*652 "The right to compensation and the amount thereof of the compensation shall in all cases be determined in accordance with the provisions of law in effect as of the date of the injury except as to employes whose rate of compensation is changed as provided in ss. 102.43(7) and (8) and 102.44(1) and (2) (5)."[1]

Sec. 6 of the bill amended sec. 102.11(1), Stats., so as to increase the maximum worker's compensation benefits "for injury on or after January 1, 1980." Sec. 6 reads:

"The average weekly earnings for temporary disability, permanent total disability or death benefits for injury on or after January 1, 1978 1980, shall be taken at not less than $30 nor more than such wage rate as will result in a maximum compensation rate of 100% of the state's average weekly earnings as determined under s. 108.05 as of June 30, 1977 1979. The maximum weekly compensation rate after December 31, 1978 1980, is 100% of the average weekly earnings determined as of June 30, 1978 1980. The average weekly earnings for permanent partial disability for injuries after January 1, 1978 1980, shall be taken at not less than $30 nor more than $97.50 $105, resulting in a weekly maximum compensation rate of $65 $70. Between such limits the average weekly earnings shall be determined as follows. . . ."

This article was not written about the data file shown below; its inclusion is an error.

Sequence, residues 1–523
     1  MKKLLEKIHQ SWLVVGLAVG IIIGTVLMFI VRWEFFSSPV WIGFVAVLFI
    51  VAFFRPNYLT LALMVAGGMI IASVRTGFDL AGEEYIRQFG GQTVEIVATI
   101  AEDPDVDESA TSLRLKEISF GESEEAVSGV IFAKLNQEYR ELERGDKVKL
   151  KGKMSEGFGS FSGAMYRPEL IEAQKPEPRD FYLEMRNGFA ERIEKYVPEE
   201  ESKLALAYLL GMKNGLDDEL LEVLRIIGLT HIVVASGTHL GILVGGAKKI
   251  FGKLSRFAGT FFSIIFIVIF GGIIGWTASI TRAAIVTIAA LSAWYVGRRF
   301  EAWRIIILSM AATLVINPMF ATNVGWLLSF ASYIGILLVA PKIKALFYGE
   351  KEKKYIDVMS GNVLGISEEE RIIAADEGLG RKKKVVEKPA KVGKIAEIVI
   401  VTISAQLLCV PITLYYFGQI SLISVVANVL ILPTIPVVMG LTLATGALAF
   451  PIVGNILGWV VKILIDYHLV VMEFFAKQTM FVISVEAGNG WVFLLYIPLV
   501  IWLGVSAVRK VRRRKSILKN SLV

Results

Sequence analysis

Sec. 30 of the same bill provided for an effective date of the amended act as follows:

"Effective date. This act shall take effect on January 1, 1980, or the day after publication, whichever is later."

The bill in this form was delayed and therefore did not pass the legislature before the end of 1979. In 1980 the legislature's consideration of the bill continued. Various *653 amendments were adopted, including one offered on February 12, 1980, which created sec. 29m. This section reads: